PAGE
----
Thomas Wolsey was born between 1470 and 1473 in Ipswich, Suffolk. He was the son of Robert and Joan Wolsey. Robert owned a tavern in the parish of St. Mary at the Elms in Ipswich. Traditionally, Wolsey’s father has been identified as a butcher and cattle dealer. Thomas Wolsey’s humble origins proved a source of mirth to his critics during his long career. During his childhood and adolescence, Wolsey attended school in Ipswich and later studied at Magdalen College, Oxford, graduating with BA in 1486 when he was about fifteen years old. A decade later, he was ordained as a priest in the parish church of St. Peter in Marlborough. The year before, he graduated with MA. For a short period, Wolsey served as master of Magdalen School and, later, as dean of divinity.
During the first decade of the sixteenth century, Wolsey resided in the household of Henry Deane, Archbishop of Canterbury, whom he served as chaplain. Later, he served Sir Richard Nanfan, treasurer of Calais, and after Nanfan’s death in 1507 Wolsey took up the post of royal chaplain in the service of Henry VII. He became attached to Richard Fox, Bishop of Winchester, and Sir Thomas Lovell, and was recommended by them to visit Emperor Maximilian in Flanders. Wolsey visited Scotland the following spring, meeting with James IV. The following year, Wolsey was rewarded with the deanship of Lincoln Cathedral and the prebend of Welton Brinkhall. Upon Henry VIII’s accession in 1509, Wolsey was appointed royal almoner. According to George Cavendish, Wolsey’s gentleman usher, Wolsey endeavoured to attend the king daily at court, and developed a close relationship with him. Henry rewarded him with the deanship of Lincoln and Hereford, and was later made registrar of the Order of the Garter and canon of St. George’s, Windsor.
Wolsey continued to be rewarded for his loyalty and efficient service. In 1513 he was granted the deanship of York and the following year was appointed Bishop of Lincoln. That same year, he was rewarded with the archbishopric of York and was later made a cardinal. As his influence increased, his household expanded considerably. By 1519, his yearly income may have been £9,500, a higher income than those of the nobility and peerage. Wolsey’s diplomatic activities ensured that he was rewarded with the prince-bishopric of Durham in 1523.
His increasing wealth and influence enabled Wolsey to spend large sums of money on art and architecture. Cardinal College, Oxford, was founded in 1525, although it was later suppressed. In 1532, it was refounded as King Henry VIII’s College and, later, as Christ Church. Perhaps most famously, Hampton Court Palace was expanded during the 1510s as a sumptuous residence for a Renaissance cardinal. The palace was later granted by Wolsey to Henry VIII as a gift. Wolsey also built at Bridewell and York Place; the latter was renamed Whitehall when it was taken by the king. Along with his interest in art and architecture, Wolsey was deeply committed to the new learning and was a patron of humanists. He was concerned with ensuring that reforms were made to the church, and took steps to limit benefit of clergy, the law by which a clergyman could be tried in an ecclesiastical court under canon law, rather than in a secular court. As well as ordering visitations, several decayed monasteries were dissolved by Wolsey, perhaps anticipating Henry’s later dissolution of the monasteries and religious houses. On occasion, he interceded for the church, perhaps most notably in 1515 in the wake of the Hunne affair. Anticlerical feeling had been roused by the probable murder of the merchant Richard Hunne, and in the aftermath of a series of debates about ecclesiastical autonomy, Wolsey knelt before the king and provided his master with explanations and apologies from the clergy. Wolsey firmly believed that education could effectively aid clerical reform, and with this in mind, six lectureships were founded at the University of Oxford. At Cardinal College, Wolsey provided for daily lectures in Latin, Greek and philosophy. The importing of heretical books was forbidden, and Lutheran books were publicly burned in London.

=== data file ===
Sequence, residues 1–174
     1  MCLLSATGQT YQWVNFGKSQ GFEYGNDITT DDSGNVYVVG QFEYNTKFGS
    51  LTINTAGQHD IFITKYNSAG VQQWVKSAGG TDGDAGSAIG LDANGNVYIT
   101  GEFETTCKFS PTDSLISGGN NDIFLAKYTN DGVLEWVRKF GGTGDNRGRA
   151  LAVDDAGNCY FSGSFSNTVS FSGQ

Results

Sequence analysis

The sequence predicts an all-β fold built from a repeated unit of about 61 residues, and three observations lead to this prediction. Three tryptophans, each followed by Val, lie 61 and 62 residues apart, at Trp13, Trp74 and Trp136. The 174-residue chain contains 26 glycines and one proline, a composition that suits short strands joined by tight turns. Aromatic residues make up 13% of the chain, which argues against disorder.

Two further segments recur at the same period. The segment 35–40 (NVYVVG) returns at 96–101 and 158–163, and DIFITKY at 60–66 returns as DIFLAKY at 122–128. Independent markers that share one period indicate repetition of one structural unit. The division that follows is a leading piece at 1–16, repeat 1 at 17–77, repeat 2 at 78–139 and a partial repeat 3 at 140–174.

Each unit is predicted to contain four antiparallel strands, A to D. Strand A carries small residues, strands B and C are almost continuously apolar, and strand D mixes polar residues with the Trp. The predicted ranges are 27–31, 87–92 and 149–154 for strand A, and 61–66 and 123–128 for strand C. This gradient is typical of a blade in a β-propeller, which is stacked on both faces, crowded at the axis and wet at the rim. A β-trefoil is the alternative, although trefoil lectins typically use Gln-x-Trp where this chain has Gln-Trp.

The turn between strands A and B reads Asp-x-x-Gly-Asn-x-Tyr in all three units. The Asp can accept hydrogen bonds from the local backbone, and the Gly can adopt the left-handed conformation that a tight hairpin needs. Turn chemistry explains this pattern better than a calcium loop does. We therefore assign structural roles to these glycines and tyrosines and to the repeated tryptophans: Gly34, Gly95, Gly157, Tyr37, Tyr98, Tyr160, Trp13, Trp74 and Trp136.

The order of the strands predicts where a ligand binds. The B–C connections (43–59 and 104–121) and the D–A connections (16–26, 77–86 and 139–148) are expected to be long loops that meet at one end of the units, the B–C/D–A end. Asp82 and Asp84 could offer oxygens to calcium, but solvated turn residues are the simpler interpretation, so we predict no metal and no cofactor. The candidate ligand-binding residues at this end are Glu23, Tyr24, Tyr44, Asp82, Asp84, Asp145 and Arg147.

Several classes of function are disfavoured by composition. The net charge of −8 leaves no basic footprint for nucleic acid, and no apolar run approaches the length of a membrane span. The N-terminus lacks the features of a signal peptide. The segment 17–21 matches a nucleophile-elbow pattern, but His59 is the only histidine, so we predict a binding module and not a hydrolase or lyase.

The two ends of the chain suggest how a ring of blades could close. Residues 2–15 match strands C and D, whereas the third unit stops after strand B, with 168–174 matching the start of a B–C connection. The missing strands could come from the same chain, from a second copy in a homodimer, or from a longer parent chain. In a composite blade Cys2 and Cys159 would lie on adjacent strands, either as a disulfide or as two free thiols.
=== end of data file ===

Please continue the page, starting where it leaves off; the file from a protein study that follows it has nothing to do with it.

Alongside his ecclesiastical duties, Wolsey took a keen interest in maintaining law and justice. He maintained moderation in his court of chancery, and was reported to hear the suits of the poor in Star Chamber. The overflow of cases at Star Chamber meant that Wolsey was required to establish a number of temporary tribunals and, later, a judicial committee. The cardinal soon enjoyed a reputation for confronting perjury and disorder, alongside his concern to remedy injustice. In financial matters, he was active in seeking grants from the House of Commons to finance war. In 1524, the ‘Amicable Grant’, a non-parliamentary tax assessed at between 5 and 16 percent for the laity and between 25 and 33 percent for the clergy provoked revolt. The government was forced to withdraw when ten thousand gathered in protest at Lavenham, Suffolk.